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England v Australia, 4th Test, Trent Bridge, 4th day

England hold their nerve in yet another thriller

The Report by Andrew McGlashan

August 28, 2005

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England 477 and 129 for 7 (Trescothick 27, Warne 4-32) beat Australia 387 (Langer 61, Katich 59) by 3 wickets
Scorecard and ball-by-ball details
How they were out



Ashley Giles celebrates hitting the winning runs © Getty Images
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England held their nerve to seal a three-wicket triumph at Trent Bridge and take a 2-1 lead into the final Test. For the third time in this series the match went down to the wire as Shane Warne and Brett Lee led a courageous Australian fightback after England set off in pursuit of 129. Wickets kept falling and it was left to Ashley Giles and Matthew Hoggard to play the most important innings of their careers.

This Ashes series continues to defy belief at the extraordinary situations each match is throwing up - and you know amazing feats are afoot when Hoggard plays a sumptuous cover drive to bring the target within grasp. He joined Giles with 13 runs required when Warne claimed his fourth wicket during another a mesmeric spell of leg spin. But Giles and Hoggard were the two coolest people on the ground - if not in the country - as they slowly but surely picked off the runs.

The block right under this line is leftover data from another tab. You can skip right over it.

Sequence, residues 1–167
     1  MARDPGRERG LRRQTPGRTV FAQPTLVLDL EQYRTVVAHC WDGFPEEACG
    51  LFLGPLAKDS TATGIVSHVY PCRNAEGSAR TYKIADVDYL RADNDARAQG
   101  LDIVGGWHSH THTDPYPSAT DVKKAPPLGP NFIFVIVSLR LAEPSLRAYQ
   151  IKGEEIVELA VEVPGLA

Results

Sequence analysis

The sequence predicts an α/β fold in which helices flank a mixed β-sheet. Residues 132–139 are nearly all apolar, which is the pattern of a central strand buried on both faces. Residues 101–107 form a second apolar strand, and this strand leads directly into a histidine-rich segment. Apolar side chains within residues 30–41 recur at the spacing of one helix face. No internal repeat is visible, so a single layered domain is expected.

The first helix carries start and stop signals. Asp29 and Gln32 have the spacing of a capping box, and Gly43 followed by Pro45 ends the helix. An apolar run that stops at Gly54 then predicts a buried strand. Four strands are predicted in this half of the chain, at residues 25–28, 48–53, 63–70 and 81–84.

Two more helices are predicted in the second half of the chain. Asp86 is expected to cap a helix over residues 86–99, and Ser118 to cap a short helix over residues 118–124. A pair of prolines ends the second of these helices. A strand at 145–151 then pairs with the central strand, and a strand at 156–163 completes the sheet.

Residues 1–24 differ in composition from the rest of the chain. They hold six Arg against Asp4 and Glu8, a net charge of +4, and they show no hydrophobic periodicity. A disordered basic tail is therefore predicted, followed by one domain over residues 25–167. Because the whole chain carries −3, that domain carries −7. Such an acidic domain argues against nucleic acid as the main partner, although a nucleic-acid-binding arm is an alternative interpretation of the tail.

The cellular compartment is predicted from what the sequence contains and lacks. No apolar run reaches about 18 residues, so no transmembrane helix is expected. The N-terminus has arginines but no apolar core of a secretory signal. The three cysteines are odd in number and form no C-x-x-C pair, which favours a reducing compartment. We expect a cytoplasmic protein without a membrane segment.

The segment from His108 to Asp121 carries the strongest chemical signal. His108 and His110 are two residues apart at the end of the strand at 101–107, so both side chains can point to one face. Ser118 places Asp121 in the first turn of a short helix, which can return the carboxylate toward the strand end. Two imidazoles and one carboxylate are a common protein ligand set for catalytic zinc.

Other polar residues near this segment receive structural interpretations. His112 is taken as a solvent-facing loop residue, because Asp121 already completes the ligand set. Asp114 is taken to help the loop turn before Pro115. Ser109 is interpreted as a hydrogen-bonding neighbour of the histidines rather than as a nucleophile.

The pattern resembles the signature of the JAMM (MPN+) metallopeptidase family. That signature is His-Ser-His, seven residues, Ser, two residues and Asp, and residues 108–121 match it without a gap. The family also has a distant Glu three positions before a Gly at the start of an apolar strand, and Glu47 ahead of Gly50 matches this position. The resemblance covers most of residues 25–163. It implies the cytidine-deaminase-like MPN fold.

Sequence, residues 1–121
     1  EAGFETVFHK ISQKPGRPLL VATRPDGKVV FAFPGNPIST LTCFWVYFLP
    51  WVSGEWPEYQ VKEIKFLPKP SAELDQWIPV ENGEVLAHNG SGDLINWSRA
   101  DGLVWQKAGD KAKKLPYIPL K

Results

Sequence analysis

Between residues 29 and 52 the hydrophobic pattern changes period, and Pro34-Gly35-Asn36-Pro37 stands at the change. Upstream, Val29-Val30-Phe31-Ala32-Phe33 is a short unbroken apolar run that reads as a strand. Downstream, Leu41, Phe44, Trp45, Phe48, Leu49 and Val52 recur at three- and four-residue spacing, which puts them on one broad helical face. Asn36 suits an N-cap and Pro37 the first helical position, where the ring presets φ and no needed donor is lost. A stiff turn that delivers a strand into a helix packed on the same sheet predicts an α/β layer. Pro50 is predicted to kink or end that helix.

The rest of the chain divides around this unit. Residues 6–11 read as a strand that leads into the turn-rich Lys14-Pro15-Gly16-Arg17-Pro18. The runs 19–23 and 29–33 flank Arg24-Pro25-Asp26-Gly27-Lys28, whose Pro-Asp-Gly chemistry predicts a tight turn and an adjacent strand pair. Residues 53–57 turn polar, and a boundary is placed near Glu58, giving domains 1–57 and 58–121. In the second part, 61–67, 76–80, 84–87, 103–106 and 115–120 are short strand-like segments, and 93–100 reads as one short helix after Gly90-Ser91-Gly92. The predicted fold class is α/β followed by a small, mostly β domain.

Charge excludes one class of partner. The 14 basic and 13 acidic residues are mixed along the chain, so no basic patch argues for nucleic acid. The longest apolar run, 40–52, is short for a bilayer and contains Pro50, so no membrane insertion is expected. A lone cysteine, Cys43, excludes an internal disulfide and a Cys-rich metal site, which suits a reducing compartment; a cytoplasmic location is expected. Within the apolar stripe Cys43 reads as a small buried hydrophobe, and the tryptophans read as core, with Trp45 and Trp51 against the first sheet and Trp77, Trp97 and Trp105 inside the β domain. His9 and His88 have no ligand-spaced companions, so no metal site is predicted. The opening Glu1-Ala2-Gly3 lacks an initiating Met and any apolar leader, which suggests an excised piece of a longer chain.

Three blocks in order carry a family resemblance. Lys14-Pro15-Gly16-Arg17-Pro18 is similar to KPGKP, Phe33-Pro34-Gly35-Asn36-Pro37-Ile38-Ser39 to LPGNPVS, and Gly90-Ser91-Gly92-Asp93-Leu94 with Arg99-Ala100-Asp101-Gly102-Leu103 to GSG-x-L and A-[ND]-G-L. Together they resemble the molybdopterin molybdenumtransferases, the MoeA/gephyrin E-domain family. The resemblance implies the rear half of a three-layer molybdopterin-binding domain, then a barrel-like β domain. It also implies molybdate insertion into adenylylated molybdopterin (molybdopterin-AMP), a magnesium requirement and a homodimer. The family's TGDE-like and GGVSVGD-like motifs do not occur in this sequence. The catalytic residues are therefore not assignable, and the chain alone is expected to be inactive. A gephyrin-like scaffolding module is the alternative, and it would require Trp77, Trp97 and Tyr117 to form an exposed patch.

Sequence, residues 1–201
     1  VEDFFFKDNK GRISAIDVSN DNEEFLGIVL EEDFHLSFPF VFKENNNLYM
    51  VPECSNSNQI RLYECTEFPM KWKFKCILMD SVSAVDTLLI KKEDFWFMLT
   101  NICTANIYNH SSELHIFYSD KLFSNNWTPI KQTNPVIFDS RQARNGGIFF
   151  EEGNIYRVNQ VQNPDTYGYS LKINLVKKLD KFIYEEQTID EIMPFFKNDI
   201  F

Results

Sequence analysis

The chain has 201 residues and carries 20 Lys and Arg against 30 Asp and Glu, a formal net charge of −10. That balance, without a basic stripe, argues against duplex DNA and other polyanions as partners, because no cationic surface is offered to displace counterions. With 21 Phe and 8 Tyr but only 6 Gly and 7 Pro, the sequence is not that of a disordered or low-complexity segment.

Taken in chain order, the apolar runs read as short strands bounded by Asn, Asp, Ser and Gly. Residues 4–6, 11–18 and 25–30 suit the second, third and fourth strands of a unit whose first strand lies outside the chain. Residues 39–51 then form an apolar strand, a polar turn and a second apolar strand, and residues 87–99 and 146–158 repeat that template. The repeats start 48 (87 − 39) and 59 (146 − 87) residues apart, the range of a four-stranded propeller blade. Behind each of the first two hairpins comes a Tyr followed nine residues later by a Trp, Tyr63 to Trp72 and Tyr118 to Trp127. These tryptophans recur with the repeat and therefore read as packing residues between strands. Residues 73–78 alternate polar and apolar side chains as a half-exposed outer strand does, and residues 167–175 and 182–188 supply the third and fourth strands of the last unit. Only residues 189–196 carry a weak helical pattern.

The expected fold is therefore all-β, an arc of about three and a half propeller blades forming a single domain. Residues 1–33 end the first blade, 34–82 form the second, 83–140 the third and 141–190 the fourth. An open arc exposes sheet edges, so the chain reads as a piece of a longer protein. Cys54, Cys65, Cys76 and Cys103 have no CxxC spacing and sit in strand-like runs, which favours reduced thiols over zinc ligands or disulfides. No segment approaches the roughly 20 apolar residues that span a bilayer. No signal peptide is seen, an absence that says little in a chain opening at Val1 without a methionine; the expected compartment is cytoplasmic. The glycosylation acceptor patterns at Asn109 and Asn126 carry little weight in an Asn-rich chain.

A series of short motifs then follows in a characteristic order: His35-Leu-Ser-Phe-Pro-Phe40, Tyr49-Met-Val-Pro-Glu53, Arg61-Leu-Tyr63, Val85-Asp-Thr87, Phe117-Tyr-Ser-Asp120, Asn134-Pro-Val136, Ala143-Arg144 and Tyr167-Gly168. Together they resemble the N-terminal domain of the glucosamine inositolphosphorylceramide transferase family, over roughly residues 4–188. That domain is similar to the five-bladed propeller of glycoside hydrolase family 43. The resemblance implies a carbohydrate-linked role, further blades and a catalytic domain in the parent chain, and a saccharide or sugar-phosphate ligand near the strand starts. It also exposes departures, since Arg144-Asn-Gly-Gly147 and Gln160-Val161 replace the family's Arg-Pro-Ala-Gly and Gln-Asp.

Lee bowled his quickest spell of the series, regularly hitting the mid-nineties, and peppered Hoggard with a mixture of bouncers and yorkers - but the batsman was equal to everything. When Hoggard connected with a full toss and sent it scooting through cover the target was down to four and victory was within England's grasp. Hoggard clipped a two to fine-leg and then Giles, in Warne's next over, played a ball through mid-wicket to the delight of a joyous England balcony.

But this series has been played in a superb spirit - Ricky Ponting's outburst yesterday was the exception not the rule - and both teams took time to congratulate each other on a stunning exhibition of the toughest cricket imaginable. However, the end of this match is only the beginning of the tale.

As England went to tea, having dismissed Australia for 387 in their follow-on, they would have been highly satisfied with their work. A bowler light, due to Simon Jones's ankle injury, Hoggard and Steve Harmison put in mammoth efforts to whittle their way through the Australian batting order. And when Marcus Trescothick and Andrew Strauss raced to 36 without loss after five overs, the target was rapidly coming into view.

Warne, though, thrives on a challenge and struck with his first ball when Trescothick was sharply snapped up at silly point by Ponting. First-ball wickets for Warne have a habit of starting a wobble for England (his Gatting delivery left a whole generation unsteady on their feet) and when he struck with the first ball of his second over, to remove Michael Vaughan, Australia sensed they had a chance.